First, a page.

And so, I packed ready for quarantine – normally a 14-day absence from the physical scene but present on social media. Living in Uganda though, where we pay tax for being on social media, it is possible to be absent on both scenes.

The journey home
At Jomo Kenyatta International Airport (JKIA), I met a one Alex Kawalya. He had spent the night at the airport because he had run out of money to hop onto the next flight. He had just sold his phone to one of the airport staff to get a seat aboard Kenya Airways to Uganda where he wished for a miracle if he was to afford the $100 price per night in Entebbe Central Inn Hotel where government was quarantining returning citizens for 14 days.

Stories of returning Ugandans being herded like sheep by the army to the hotel were sickening. Women and children slept in lobbies and the government would have nothing of the “I am a student on scholarship in Kenya and I can’t afford $100 a night” talk.  Like Kawalya, I boarded KQ 412 at 11 a,m., not knowing what fate awaited me at Entebbe International Airport – but I boarded anyway.

It was the only one of the few flights heading to Kampala and from the look of things, one of the last ones as Jambo Jet, Fly Sax, and even Uganda Airlines were no longer plying the EBB-NAI route – a real catch 22 situation. You’re not wanted at home, but you cannot stay where you are.

Uganda confirmed her first case on Saturday, March 21, after I had been in the country for a few hours.  The victim, looking feverish, was a Ugandan coming from Dubai and had flown in at 2 a.m. aboard Ethiopian Airlines. Having just flown in and in the process had interacted with another Dubai returnee, the pressure mounted. Even when I wasn’t put in institutional quarantine, I felt sickish. I volunteered Kawalya’s name to the Ministry of Health for testing and he did well.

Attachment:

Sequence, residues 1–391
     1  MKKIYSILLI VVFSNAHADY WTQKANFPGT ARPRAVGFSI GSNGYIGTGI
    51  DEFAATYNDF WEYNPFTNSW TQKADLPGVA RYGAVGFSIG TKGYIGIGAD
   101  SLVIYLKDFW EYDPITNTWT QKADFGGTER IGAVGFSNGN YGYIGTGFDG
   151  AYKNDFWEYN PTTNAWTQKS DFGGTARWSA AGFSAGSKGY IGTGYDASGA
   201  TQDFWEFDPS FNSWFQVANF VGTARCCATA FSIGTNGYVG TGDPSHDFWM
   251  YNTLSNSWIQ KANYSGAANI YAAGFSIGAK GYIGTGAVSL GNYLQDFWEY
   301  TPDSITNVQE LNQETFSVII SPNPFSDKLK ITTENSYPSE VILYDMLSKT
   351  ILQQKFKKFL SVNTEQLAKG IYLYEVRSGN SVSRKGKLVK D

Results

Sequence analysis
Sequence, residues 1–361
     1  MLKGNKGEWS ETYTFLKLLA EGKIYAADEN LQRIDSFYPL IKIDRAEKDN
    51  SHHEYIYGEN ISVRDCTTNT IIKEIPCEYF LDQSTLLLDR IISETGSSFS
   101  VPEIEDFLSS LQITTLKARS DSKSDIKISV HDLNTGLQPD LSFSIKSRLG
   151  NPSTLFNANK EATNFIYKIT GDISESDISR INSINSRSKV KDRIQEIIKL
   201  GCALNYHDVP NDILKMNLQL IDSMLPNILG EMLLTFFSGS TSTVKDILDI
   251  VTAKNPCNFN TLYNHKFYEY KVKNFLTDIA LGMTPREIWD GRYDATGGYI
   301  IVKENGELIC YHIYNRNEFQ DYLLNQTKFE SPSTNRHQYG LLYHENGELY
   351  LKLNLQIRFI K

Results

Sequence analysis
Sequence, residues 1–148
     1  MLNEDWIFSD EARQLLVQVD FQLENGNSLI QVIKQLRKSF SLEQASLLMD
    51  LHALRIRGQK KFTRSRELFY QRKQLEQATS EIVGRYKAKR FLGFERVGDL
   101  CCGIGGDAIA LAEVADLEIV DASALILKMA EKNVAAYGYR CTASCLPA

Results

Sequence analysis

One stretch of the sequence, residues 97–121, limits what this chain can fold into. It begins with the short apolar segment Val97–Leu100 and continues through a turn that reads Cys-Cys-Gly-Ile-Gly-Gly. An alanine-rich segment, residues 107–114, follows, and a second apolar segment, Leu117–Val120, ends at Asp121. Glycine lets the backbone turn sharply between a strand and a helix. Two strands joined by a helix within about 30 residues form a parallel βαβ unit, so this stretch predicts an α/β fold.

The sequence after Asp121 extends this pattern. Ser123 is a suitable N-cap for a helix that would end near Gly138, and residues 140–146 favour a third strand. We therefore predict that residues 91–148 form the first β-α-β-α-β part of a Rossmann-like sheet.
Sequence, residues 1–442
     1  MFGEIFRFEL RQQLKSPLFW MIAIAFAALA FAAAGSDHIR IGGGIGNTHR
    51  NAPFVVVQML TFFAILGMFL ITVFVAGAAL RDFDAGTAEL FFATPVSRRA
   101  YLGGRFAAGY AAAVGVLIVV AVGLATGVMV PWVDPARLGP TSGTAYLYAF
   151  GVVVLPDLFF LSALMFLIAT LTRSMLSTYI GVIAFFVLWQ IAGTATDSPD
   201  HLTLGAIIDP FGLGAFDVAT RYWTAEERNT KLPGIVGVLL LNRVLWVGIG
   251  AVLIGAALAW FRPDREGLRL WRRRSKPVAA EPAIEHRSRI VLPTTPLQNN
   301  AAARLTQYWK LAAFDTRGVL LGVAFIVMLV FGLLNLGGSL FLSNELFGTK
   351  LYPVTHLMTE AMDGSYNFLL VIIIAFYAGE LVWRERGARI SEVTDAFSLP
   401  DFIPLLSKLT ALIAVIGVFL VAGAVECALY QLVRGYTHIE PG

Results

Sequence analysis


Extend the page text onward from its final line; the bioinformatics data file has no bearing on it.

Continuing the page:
Life in Quarantine
On March 26 and from my self-quarantine hole at Kisubi Forest Cottages in Entebbe, where I am writing this, Uganda has 14 COVID-19 cases. President Museveni closed the airport and borders soon after and has since closed public transport, churches, markets (except for food stuffs). And as of today (March 26), all the 104 tested samples of suspected cases had turned up negative. From this hole, I keep my family updated about my health at all times. Occasionally, I go out, watch the stars and feed the mosquitoes – they are really hungry.

I have to cough up $40 a night to keep my family and country safe but with the stories of people bribing their way out of quarantine, others not staying home as required and thousands who have to be forced to wash their hands with soap – I am not sure if my sacrifice will make any difference.

One of the new cases is a father who travelled from Kisumi, Kenya, by bus and ended up infecting his 8-month-old baby. My conscience tells me that feeding mosquitoes is much safer that infecting innocent people. When I finally get out of this place on April 3, these mosquitoes will surely miss me.

Alex Taremwa is a graduate of Uganda Christian University, a journalist and Masters Fellow at the Graduate School of Media and Communications, Aga Khan University.